crime in South Africa could be directly attributed to illegal Zimbabwean

"Many violent crimes in South Africa today are perpetrated by Zimbabweans,"
he said, adding that the embassy had conducted a survey of all new expensive
vehicles plying the streets of Harare and had established that at least one
in five had been stolen from South Africa. He said the issue had been
discussed at bilateral level but it was difficult to contain because of the
continuing deterioration of the Zimbabwean economy, which saw more and more
desperate people crossing into South Africa.

A social scientist at the University of Zimbabwe said many Zimbabwean youths
were under the false impression that South Africa offered boundless
opportunities and all they had to do was cross the Limpopo by any means
necessary. But they find the reality very different. "They see the rainbow
across the Limpopo but it is exactly that - just an optical illusion," she
said. "There are no ready jobs in the 'Rainbow Nation', so the vicious cycle
of hopelessness will continue and the youths easily turn to the only means
that can keep them fed if for just a while - crime."

She said the youths in Johannesburg and other big South African cities begin
with petty crimes but eventually graduate into big-time crime such as
carjacking, bank robbery and burglary. Women end up in prostitution.

"South Africa now has to divert lots of human and financial resources to
fighting crime instead of directing the same resources to developmental
issues," asserted the veteran journalist.

Mavis Makuni, writing in Zimbabwe's independent Financial Gazette, said,
"Mbeki's government is prepared to get tough with the victims of the
economic and political crisis in this country while continuing to appease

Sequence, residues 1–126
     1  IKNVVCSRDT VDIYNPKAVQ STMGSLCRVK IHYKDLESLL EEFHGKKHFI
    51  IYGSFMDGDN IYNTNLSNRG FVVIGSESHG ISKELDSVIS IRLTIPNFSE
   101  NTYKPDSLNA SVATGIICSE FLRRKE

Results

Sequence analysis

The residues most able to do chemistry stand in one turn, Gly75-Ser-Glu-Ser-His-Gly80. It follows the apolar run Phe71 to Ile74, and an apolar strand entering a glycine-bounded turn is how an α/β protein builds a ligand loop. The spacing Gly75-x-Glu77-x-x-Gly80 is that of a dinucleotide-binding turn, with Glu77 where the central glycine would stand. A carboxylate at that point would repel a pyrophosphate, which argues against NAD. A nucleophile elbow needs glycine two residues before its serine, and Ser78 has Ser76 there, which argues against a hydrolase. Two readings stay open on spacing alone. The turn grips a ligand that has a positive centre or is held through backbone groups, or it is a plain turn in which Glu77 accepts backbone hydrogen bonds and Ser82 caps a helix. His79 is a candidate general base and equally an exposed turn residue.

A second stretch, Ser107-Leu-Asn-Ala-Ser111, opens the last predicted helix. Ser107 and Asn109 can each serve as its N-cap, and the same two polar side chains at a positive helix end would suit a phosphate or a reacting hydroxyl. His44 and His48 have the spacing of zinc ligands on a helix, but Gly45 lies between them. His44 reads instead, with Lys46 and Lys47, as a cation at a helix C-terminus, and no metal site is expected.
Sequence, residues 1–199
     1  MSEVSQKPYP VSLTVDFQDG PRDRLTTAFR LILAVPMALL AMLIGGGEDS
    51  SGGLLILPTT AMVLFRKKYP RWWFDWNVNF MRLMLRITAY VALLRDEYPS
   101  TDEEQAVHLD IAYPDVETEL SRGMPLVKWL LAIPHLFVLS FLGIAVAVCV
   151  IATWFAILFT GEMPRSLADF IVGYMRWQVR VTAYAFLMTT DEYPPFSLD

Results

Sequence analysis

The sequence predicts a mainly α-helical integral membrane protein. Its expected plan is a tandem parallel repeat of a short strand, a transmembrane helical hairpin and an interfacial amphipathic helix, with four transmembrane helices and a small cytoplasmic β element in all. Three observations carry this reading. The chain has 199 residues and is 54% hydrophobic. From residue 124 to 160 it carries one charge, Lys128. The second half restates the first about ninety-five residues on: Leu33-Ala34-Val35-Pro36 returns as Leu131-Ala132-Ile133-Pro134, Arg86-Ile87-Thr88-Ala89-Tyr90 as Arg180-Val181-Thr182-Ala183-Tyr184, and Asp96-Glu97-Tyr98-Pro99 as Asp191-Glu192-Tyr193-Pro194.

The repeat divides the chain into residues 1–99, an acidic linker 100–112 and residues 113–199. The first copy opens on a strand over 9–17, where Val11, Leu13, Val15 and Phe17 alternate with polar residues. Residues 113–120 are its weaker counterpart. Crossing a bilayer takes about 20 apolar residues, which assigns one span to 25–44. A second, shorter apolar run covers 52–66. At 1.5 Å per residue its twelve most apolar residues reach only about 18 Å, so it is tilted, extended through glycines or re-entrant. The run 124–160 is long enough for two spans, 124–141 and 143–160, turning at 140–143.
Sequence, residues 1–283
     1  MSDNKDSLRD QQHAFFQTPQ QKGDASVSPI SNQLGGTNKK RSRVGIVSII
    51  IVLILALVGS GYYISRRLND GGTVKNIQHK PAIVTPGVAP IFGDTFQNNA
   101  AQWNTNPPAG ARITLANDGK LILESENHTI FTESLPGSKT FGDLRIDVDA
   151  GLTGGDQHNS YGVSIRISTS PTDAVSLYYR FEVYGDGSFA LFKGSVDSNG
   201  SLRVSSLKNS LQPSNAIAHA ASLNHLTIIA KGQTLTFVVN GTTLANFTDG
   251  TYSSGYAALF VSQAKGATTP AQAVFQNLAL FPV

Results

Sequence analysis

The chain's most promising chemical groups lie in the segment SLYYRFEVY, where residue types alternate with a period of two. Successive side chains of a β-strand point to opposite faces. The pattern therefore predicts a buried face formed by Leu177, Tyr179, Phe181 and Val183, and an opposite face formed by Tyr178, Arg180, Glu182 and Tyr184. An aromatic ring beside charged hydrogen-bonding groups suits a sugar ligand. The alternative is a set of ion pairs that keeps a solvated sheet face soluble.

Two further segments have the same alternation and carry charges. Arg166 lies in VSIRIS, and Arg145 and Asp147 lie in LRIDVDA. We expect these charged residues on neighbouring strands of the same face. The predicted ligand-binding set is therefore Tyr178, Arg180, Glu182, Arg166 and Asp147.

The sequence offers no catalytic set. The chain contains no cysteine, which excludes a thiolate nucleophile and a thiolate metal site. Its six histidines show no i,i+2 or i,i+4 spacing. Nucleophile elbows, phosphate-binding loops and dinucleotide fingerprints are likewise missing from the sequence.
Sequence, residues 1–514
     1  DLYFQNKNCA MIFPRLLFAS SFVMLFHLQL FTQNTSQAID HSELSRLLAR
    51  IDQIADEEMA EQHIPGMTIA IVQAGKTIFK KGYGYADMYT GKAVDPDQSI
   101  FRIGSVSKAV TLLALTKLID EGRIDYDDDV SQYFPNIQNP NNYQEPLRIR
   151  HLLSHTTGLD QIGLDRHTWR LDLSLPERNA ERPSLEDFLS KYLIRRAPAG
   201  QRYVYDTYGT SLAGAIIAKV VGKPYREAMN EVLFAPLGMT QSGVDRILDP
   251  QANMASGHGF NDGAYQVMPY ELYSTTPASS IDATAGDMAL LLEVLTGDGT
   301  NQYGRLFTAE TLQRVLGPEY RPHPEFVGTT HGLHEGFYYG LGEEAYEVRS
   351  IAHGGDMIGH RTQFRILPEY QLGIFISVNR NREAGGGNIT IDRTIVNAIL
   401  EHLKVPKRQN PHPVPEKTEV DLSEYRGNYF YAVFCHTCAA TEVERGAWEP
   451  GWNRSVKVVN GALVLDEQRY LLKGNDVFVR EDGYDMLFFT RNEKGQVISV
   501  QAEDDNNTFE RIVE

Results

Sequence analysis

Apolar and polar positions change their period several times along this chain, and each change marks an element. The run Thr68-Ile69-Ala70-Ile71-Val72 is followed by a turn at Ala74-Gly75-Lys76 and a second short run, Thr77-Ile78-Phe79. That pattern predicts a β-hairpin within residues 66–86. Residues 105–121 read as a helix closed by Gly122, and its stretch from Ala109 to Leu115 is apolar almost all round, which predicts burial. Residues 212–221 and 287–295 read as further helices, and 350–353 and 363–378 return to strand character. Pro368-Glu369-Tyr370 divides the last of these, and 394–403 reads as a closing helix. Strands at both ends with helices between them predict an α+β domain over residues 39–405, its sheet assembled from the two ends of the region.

the political leadership responsible for the situation." It is estimated
that at least two million Zimbabweans have flooded illegally into South
Africa, which has strengthened military and police patrols along its Limpopo
River border with Zimbabwe. Last year alone Pretoria said it deported 97,000
illegal Zimbabwean immigrants at taxpayer's expense.

But once repatriated back to Zimbabwe they quickly re-enter South Africa.
"It's a no-win situation until Zimbabwe begins to improve and create jobs
for its people," said the South African embassy official.

But that will be a long time coming. Since 2000, the Zimbabwean economy has
regressed more than 50 years and the desperation of the youth is similar to
that of the 1970s when hordes of young men and women crossed borders into
Mozambique and Zambia to join forces fighting Ian Smith's white minority

"In the 1970s young people had no lives. They could not get jobs. They could
not get a decent education so they did the only thing left, namely to fight
the regime," said the social scientist. "The situation has come full circle.
The youths are in the same invidious situation and they are jumping borders
and who knows what they will do next?"

The veteran journalist added, "If one country in a region is unstable, the
instability will spread across the region: that's the simple truth Mbeki
refused to accept all those years ago. Soon the youths might be ready to
fight. They have got absolutely nothing to lose."

Benedict Unendoro is the pseudonym of an IWPR contributor in

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IMF's executive board is unlikely to recommend expulsion

From The Financial Mail (SA), 3 February

By Tony Hawkins